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The Case for Minimizing Risk in Your Bond Holdings 

October 20, 2015

William J. Bernstein, The Wall Street Journal

The sky didn’t fall, after all.

At its September policy meeting, the Federal Reserve decided not to raise interest rates. Had it done so, higher rates would have translated into a loss of principal, at least on paper, for bondholders. (When interest rates rise, bond prices fall.)

But the apparently misplaced obsession with the Fed misses a larger point: A substantial rate rise isn’t the only way bonds can bite you. The other major danger is credit risk—that is, the possibility of default. And in my opinion, this is just as serious a threat to your nest egg.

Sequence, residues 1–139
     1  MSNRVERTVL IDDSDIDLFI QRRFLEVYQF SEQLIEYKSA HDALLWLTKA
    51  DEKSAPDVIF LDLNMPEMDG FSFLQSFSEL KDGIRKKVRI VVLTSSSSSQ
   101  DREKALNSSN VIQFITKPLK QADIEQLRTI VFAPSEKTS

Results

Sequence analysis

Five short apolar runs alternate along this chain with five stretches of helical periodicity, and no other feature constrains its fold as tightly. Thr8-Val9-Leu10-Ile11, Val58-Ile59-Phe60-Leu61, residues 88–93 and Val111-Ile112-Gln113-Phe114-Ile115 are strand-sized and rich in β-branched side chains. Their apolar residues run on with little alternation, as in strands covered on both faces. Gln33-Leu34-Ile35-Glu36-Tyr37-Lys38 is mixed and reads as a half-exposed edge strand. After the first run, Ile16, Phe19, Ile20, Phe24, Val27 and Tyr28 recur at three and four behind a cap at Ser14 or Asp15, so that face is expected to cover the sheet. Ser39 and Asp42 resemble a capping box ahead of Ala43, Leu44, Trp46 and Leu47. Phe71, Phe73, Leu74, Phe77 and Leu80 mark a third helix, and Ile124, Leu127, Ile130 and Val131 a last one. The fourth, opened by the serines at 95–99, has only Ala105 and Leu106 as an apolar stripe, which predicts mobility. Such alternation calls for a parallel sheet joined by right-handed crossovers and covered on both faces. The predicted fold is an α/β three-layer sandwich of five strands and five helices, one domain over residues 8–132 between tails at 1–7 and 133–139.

Over the very long term, the markets reward taking credit risk, but not by nearly as much as you might think. From the start of 1926 to Sept. 30, 2015, for example, long-term corporate bonds returned an annualized 6.00% on average, compared with 5.62% for safer long-term U.S. government bonds.

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